Aventura y CÍA:Your career in the videogame world is long, brilliant and, indeed, enviable. You started working in this circle in a period in which adventure games had not became yet the great genre that later was. What made you think "this is what I want to work on"?
BM: My first experience with adventure games was in 1981. I had purchased an Atari 800 computer, and picked up a copy of Strange Oddysey, a simple text adventure written by Scott Adams. I stayed up all night, unable to sleep until I had figured it out completely!
Afterward, I was very excited by the possibilities. What if the programming and writing were a lot more sophisticated? What if these games were packaged and sold like books? Little did I know that a company just a few miles away, Infocom, was already pursuing the same ideas. It wasn't long before I came across a copy of Infocom's Deadline, and I knew I had to get a job with this very cool publisher. A few years later, through luck and circumstance, I managed to do just that.
AyC: As far as we can gather you are a very thorough person when it's up to writing adventure games; you get very well documented, you steep yourself in what you are describing in your games and you use methods closer to novelisation ones, getting far from the common image that usually people have of game designers. Is this some kind of personal philosophy or is it something that everyone willing to do good adventure games should do?
BM: I think it's just a matter of personal style. For games which involve historical settings, I prefer quite a bit of preliminary research. This was theespecially true for Trinity, and also for Young Indiana Jones at therWorld's Fair, an educational adventure I designed for Lucasfilm Learning that was never released. But my first game, Wishbringer, was written with very little preparation. Loom was also based on just a few pages of story outline. It all depends on the nature of the game and the circumstances of production.
AyC: Text adventures are banished from everyone's mind since a long time, although it is true that nowadays a lot of fans are entrusted inmaintaining alive the genre with some very well written attempts. Adventure games, IF's natural 'evolution', werehe narrative method par excellence in videogames, and text continued being the clear protagonist during its golden age. Not a long time ago, the genre went through a period in which it was usual to suppress the figure of the narrator and the characters' monologues, arguing "if you want to look at something, there you have its image", though this tendency seems to be changing. As in modern cinema and comic, is a picture worth a thousand words?
BM:Many years ago, I coined an aphorism: "The problem with graphic adventure games is that you can't do anything that you can't show, and you can't afford to show anything!"
As amazing as the graphics of current games have become, I believe the actual gameplay is less rich and interesting than the old text adventures. There are very few "verbs" in graphic adventures. The methods available to express yourself, try odd things and interact with the world are quite limited. Also, the cost of producing graphics is very high, so every action that needs to be displayed to the player must be carefully budgeted and thoroughly justified.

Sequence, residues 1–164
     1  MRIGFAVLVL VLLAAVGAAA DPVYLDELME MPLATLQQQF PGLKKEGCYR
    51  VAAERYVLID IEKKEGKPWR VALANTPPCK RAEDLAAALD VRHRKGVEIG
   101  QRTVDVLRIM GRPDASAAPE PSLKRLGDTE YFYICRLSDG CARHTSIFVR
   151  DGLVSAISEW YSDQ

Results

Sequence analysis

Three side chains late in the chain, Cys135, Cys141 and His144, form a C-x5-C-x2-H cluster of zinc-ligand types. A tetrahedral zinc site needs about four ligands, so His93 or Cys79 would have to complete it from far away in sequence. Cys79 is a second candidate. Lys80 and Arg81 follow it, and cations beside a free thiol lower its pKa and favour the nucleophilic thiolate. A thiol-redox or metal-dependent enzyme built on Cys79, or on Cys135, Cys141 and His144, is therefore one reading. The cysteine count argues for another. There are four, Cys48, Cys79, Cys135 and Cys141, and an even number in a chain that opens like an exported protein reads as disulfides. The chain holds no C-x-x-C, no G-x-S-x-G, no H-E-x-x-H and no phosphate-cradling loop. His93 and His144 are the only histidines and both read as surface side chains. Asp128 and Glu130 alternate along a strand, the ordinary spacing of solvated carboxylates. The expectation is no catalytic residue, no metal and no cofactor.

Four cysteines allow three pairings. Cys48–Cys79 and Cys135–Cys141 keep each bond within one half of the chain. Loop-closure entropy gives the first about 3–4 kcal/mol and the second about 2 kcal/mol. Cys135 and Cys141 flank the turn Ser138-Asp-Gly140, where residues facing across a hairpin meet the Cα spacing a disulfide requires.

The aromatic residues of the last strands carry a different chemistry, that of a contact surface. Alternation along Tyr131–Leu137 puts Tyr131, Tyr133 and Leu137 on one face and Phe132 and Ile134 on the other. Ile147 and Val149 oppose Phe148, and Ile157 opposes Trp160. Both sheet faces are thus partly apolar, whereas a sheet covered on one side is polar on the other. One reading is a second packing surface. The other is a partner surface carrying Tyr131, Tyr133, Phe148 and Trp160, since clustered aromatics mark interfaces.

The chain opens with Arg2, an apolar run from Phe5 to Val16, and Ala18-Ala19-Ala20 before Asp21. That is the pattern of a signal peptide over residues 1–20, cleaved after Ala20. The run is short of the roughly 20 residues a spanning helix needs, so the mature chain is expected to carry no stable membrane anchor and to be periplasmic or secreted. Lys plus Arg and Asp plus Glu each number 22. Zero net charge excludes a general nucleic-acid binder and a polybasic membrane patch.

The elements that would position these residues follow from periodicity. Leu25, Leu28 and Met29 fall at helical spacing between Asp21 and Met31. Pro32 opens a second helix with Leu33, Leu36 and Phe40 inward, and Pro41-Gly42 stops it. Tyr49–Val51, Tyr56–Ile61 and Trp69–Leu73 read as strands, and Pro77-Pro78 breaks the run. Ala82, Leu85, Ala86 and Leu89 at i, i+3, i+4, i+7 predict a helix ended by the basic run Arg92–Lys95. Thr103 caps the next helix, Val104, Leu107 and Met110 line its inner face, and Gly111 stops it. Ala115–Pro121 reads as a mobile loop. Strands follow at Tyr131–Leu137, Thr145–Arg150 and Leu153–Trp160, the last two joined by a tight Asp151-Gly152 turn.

This was especially true in the late '80s and early '90s, when games had to fit on a handful of floppy discs. Finally, the cost and effort involved in showing actions to the player makes it difficult for a designer to improvise and experiment during production.
Nevertheless, the expressive power and versatility of text adventures doesn't matter much if nobody will buy them. The majority of customers obviously prefer animated pictures with limited interactivity.
AyC: People knows the name of Brian Moriarty mainly because of Loom and your work at LucasArts, but before that you were in the bosom of another one of the major companies in the adventure game industry: Infocom. For some years you were employed by this company, and your labour there has been acclaimed an imaginative, original and ingenious. We would like to know your opinion on that score. Can you roughly explain how to make an original, imaginative and ingenious game?
BM: I seem to do my best work when I trust my intuition. If I stop to justify every decision in advance, my style becomes cramped and nothing gets done. For me, it's easier to let the story write itself and then go back and deal with any oddities or inconsistencies, which I prefer to view as opportunities.
For example, when I was working on The Dig at Lucasfilm, I created a character named Toshi Olema, the son of a Japanese tycoon who bribes his way onto a space shuttle mission. At some point during production, it was pointed out to me that Olema was an unlikely name for a person of Japanese descent, because the consonant L isn't used in the Japanese language. I was delighted by this news! It meant there was a mystery about Toshi's last name that would need to be explained at some point. Mysteriously, Toshi had become a character independent of my ideas about him. So I never considered changing the name, because I trusted my ability to turn the "mistake" into a curious (and possibly funny) story detail.
AyC: Games such as Trinity dealt with great and deep topics and one of their best achievements is their multiple narrative dimensions: each thing is in the place it is due to a concrete reason and there are elements with a parallel meaning, with a particular message. Is the narrative complexity a requirement or is it also possible to build appealing stories in much more direct a style?
BM:Complexity isn't necessary for a good game. Wishbringer and Loom both employ stories and themes that are fairly simple and direct. Trinity is somewhat more sophisticated, but I was trying to achieve a distinctly literary quality with that game.
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